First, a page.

Jan 08 2010
prev sibling parent retard <re tard.com.invalid> writes:
Fri, 08 Jan 2010 23:12:38 +0000, dsimcha wrote:

 == Quote from Walter Bright (newshound1 digitalmars.com)'s article
 Sure. Except that implicit parallelism is inherently unsound unless the
 type system can support it.
 I'll go further than that. Any language that supports implicit sharing
 of mutable data is inherently unsound for multithreaded programming.

One thing that I think needs to be considered in the concurrency architecture is the case of performance-critical massive data parallelism. In these cases concurrency is actually not very hard and a simple parallel foreach loop covers a lot of cases. As far as safety, the amount of code being executed inside a parallel foreach loop is generally small enough that it's easy to reason about, and thus it's ok not to have any hard static guarantees and leave safety up to the programmer, as long as the programmer understands at least the basics of concurrency. I would like to see a situation where OpenMP/ParallelFuture-style concurrency is still implementable in D without unreasonable performance or syntactic overhead after the new concurrency system is fully in place.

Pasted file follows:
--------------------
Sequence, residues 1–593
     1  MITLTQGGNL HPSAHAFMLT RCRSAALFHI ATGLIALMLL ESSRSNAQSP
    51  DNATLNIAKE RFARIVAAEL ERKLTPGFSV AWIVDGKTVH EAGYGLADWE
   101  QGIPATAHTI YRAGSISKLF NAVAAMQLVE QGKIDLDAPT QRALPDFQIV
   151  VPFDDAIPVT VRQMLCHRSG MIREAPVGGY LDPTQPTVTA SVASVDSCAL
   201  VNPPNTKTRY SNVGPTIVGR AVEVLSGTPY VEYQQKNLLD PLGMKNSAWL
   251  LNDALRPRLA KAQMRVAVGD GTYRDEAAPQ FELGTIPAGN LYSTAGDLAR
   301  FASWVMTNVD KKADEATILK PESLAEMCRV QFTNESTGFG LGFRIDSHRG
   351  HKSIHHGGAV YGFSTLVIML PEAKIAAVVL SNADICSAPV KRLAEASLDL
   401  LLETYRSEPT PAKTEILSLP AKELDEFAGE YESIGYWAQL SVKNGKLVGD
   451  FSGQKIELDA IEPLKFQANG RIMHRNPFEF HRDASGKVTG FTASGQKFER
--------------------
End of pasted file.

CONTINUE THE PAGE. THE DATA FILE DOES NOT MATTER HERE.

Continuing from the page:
These systems also solve different kinds of problems. MMX/SSE/Altivec and now GPU hardware solves problems where you run a single operation on a large set of data simultaneously. The communication is really cheap because e.g. in SSE data is in "ordinary" registers which are the fastest memory units available. Message passing system scales well if you have many computers that form a computing cluster. It also performs well when the computation can be split into distinct tasks which run in separate threads and communicate rarely. Unless messages are translated into native SIMD primitives in data parallel cases, message passing will be much slower when you do that kind of processing. Parallel loops don't scale that well on multiple computing nodes - the computation needs to be split into larger tasks to minimize communication delays since nodes simply can't share the same thread state.
Jan 08 2010
prev sibling next sibling parent "Phil Deets" <pjdeets2 gmail.com> writes:
On Sun, 27 Dec 2009 15:32:52 -0500, Andrei Alexandrescu  
<SeeWebsiteForEmail erdani.org> wrote:

 That's why I'm thinking of creating a mailing list or maybe another  
 group for this. Any ideas on what would be the best approach? I also  
 want to gauge interest from threading experts who'd like to participate.  
 Please advise: (a) whether you would like to participate to the design;  
 (b) keep discussions on the general group; (c) create a separate  
 newsgroup; (d) create a mailing list. The latter would have open  
 enrollment.